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REALTORS: Looking to Buy? Use Your Commission to Cover Closing Costs

By W. Todd Galde

Real Estate Commissions for Down Payment or Credits?

Are you a Real Estate professional looking to buy a home?

Did You Know that for Conventional transactions, Real Estate Commissions may be used towards the down payment or closing costs?

Please read below for details on how each situation is treated.


Real Estate Commissions for Down Payment:

If the borrower is a real estate professional and is receiving commission income from the subject property transaction, the borrower may utilize the commission for any down payment and for any required funds to close. Note that commission funds cannot be used to meet any necessary reserve requirements.

If commission earnings from the borrower are used for down payment, the following items are mandatory:

  • The borrower must be a licensed real estate agent
  • The purchase contract must clearly show the borrower as the buyer’s agent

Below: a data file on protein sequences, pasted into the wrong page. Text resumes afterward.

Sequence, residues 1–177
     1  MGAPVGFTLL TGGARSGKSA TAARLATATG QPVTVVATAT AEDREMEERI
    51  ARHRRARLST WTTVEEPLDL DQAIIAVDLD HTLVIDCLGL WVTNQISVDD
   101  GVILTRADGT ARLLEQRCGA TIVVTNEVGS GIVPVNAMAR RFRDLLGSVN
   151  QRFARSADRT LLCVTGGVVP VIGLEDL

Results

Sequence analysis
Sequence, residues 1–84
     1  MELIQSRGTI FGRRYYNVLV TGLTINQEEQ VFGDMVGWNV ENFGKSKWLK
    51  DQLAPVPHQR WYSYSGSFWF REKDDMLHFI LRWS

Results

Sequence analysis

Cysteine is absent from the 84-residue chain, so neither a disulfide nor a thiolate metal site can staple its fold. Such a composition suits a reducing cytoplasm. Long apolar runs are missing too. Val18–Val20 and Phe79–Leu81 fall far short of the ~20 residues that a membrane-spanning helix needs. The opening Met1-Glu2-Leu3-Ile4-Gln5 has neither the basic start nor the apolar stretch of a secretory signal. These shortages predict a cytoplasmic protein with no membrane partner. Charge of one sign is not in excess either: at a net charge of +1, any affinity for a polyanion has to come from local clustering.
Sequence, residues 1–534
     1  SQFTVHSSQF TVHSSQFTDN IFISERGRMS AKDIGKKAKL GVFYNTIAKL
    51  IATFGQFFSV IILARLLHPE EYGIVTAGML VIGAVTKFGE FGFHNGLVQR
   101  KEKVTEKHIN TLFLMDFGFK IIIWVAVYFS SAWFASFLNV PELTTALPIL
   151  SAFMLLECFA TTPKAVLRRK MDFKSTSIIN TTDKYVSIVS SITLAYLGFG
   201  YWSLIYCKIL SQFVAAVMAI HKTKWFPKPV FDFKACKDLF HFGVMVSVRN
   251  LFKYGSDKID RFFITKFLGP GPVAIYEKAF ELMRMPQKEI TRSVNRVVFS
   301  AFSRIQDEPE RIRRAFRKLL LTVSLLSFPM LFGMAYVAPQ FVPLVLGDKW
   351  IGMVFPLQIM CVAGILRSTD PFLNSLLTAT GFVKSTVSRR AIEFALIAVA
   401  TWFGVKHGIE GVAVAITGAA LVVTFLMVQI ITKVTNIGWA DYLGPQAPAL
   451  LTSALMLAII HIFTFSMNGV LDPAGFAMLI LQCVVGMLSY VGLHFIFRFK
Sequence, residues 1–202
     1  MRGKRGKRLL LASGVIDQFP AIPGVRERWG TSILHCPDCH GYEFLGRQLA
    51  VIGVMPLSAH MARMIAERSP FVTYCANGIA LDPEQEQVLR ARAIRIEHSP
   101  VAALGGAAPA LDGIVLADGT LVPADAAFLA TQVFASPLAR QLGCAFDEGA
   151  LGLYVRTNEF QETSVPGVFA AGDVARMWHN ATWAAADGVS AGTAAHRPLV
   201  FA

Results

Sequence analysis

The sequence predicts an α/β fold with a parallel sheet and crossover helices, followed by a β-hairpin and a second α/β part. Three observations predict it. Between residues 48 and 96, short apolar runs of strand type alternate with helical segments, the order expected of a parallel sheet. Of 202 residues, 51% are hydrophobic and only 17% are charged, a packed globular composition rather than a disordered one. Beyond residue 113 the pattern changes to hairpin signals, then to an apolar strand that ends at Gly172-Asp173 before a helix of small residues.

• The borrower may not act as both the selling agent and the buying agent
  • The HUD-1 Settlement Statement must indicate a credit to the borrower as the agent
  • The amount of the credit may not exceed the commission stated on the purchase contract


Real Estate Commissions for Closing Costs:

When the commission is applied towards borrower closing costs the amount of the contribution would be subject to Interested Party Contribution (IPC) limitations as a percentage of the sales price, as follows:

  • If the purchase is Primary or Second Home and the loan-to-value is at or below 75% the max contribution is 9%.
  • If the purchase is Primary or Second Home and the loan-to-value is between 75% and 90% loan-to-value the max contribution is 6%.
  • If the purchase is Primary or Second Home and the loan-to-value is above 90% then the maximum contribution is 3%.
  • If the purchase is for an Investment property then the the maximum allowed is 2%.

Note: Any amount paid to the buyer in excess of the above percent or the actual closing costs and pre-paids will be considered a sales concession. The excess amount is considered a sales concession and will be deducted from the sale price and LTV/CLTV/HCLTV will be recalculated.

Advising. Smart. Financing.


Todd Galde